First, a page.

War overseas sends new wave of cyberattack anxiety at home

As events continue to unfold across the Atlantic, many are worried about what could happen here at home, especially when it comes to cybersecurity.

“There’s so much need for cybersecurity, whether it is for that mom and pop dentist office or that Fortune 500 company,” said Andrew Carr of Utica University. “Ransomware groups have gotten far more aggressive in recent years and far more organized.”

Carr is the director of graduate cybersecurity programs at Utica University. He’s teaching the next generation of defensive-tech minds.

“I spent the last three and a half years in the industry in instant response,” he added. “So investigating ransomware incidents, business email compromise, network intrusions; everything you could could think of.”

Carr says with major national and global events come opportunities for cyber-criminals to catch people at their most vulnerable.

How to Protect Your Business From Cyberattacks

  • Invest in cyber-insurance
  • Have regular penetration tests
  • Educate yourself in cybersecurity protocols
  • Utilize multi-level password authentication tools

“We saw attacks like the JBS foods and Colonial Pipeline last year. Those had significant impacts on our supply chain. We could see things like that happening again,” said Carr.

When you hear the word “cyberattack,” some immediately think of Russia as the boogeyman and Carr says they’re right to, but he’s not under the impression that Putin and company will be turning their eyes west unless their war leaves Ukraine.

Though if it does..

“Obviously, we don’t want to involve nuclear weapons, but we can do a lot of damage with a keyboard,” said Carr.

In any case, with the state, nation and globe as they are…

“We’re likely to see as a result of everything that’s going on in society right now an increase in attacks, any organization in the world with enough time and effort can be hacked,” said Carr.

As cyber attacks have developed over the years, so has their price tag.

“The average cost of a data breach is up to $5 million,” said Carr.

That could potentially only be half of it.

“There’s the forensic investigation, the lawyers that you have to assemble from it, the business interruption costs; think industries like manufacturing or services,” said Carr. “If they’re down for two weeks, what kind of losses have they experienced as a result of this beyond just the ransom?”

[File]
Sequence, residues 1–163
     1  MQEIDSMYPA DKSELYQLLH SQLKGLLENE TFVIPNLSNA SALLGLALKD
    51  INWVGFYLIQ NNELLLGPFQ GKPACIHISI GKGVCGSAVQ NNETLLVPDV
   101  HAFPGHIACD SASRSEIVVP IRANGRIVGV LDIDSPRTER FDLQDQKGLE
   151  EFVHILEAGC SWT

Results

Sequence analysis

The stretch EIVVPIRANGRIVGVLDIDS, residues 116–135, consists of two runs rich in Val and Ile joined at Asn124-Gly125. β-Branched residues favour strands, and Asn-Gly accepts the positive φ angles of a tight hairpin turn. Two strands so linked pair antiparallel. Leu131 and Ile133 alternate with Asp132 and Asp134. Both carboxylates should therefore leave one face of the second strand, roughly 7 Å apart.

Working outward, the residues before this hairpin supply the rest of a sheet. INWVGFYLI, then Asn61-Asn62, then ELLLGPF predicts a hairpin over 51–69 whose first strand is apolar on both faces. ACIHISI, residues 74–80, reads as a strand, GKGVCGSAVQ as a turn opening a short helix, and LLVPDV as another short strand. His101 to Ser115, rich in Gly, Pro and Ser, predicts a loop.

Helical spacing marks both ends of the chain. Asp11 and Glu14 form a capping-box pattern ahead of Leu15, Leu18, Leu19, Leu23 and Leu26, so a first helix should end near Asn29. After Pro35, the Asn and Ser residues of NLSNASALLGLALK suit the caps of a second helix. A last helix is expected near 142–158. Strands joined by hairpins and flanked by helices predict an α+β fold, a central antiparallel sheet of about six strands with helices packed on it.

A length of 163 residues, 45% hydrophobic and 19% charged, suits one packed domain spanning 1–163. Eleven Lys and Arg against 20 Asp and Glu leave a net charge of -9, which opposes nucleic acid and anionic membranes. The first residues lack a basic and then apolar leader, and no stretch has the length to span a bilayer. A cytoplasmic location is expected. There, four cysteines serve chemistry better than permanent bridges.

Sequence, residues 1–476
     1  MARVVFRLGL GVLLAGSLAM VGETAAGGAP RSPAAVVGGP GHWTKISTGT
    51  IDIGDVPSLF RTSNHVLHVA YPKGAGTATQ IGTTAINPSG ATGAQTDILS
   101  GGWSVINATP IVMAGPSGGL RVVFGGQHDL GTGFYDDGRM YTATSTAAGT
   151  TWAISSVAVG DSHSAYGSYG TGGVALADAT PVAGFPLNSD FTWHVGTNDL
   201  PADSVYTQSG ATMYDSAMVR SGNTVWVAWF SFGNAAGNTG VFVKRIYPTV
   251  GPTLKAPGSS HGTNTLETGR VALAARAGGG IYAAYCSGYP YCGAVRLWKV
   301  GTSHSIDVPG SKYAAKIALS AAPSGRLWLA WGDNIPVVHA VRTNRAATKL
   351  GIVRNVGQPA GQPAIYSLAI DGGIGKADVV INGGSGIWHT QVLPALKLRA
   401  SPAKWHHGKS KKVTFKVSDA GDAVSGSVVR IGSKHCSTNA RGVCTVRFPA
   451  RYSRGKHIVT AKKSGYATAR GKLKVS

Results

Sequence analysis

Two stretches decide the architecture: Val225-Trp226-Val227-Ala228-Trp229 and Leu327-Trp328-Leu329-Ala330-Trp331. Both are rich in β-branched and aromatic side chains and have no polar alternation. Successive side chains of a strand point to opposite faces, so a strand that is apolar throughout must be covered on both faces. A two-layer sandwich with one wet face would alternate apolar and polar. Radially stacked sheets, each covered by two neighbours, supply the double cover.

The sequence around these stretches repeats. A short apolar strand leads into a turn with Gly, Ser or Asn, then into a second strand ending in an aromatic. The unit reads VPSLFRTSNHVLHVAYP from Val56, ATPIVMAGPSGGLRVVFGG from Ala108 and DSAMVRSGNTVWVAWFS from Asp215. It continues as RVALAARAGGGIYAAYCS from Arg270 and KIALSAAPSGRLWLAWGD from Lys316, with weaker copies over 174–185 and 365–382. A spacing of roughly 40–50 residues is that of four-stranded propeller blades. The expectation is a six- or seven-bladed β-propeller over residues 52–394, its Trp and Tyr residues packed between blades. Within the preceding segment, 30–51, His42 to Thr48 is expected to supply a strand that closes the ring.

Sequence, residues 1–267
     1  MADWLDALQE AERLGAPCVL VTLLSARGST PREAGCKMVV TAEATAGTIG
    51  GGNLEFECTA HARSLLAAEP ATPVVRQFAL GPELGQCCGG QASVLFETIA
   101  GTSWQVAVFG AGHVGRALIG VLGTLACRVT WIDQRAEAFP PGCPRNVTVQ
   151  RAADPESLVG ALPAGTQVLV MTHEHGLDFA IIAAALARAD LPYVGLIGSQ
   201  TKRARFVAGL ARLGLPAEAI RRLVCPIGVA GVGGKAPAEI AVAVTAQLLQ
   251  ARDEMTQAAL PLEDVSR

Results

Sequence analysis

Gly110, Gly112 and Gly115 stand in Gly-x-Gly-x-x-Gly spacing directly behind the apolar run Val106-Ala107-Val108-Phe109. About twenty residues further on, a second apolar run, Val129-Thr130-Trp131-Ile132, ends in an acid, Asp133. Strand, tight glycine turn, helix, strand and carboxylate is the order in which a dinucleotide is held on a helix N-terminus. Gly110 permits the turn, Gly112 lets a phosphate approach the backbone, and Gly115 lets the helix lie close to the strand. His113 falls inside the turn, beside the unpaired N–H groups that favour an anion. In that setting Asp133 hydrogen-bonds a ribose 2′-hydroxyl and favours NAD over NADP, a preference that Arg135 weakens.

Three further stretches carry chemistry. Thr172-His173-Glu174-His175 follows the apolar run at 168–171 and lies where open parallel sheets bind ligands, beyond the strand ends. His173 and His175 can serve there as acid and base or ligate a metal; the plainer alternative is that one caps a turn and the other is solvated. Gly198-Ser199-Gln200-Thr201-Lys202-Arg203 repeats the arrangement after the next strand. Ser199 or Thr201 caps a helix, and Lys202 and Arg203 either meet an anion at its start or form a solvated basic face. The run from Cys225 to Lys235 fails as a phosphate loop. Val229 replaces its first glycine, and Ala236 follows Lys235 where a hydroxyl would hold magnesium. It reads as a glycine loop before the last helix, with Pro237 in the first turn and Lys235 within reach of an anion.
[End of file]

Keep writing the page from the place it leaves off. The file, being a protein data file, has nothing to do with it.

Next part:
Carr, with a wealth of knowledge in this field, says the biggest hit are usually those in the “middle market,” meaning those Mom and Pop’s and businesses between 500 and 1,000 employees.

“People would think that they’re not a target, right? They don’t have huge revenues. They’re not really on the map of these people,” added Carr. “Unfortunately, it’s the exact opposite. They do have access to a large wealth of information that is very sensitive. You know, health records, PII, credit card information, those types of things are available, so they are right for the picking, if you will, from these criminals.”

Worse still, Carr says most attacks are not a fringe basement cell, but massive organization with call centers and infrastructure. They know exactly what they’re doing.

“They’re looking for insurance policies. They’re looking for the limits on your insurance policies. They’re looking to see your disaster recovery plans and your instant response plans. They want to know how you will react to these,” said Carr.

So what happens when attacks occur? Unfortunately, we don’t have the clearest picture.

“A lot of the ransomware events go unreported because people don’t accurately assess their notification obligations,” said Carr. “They want to sweep it under the rug if you will, and if they can pay the sum of money they just want to go about their day.”

But as you hear all of this, the key is not to panic, but takes steps on personal and organizational levels to be ready.

“Many things like multi-factor authentication, having penetration tests done to identify vulnerabilities and weaknesses in your environment. Not all attacks can be prevented, nor will they be, but making yourself a difficult target will hopefully get you passed over and they’ll move on to the next easy target.”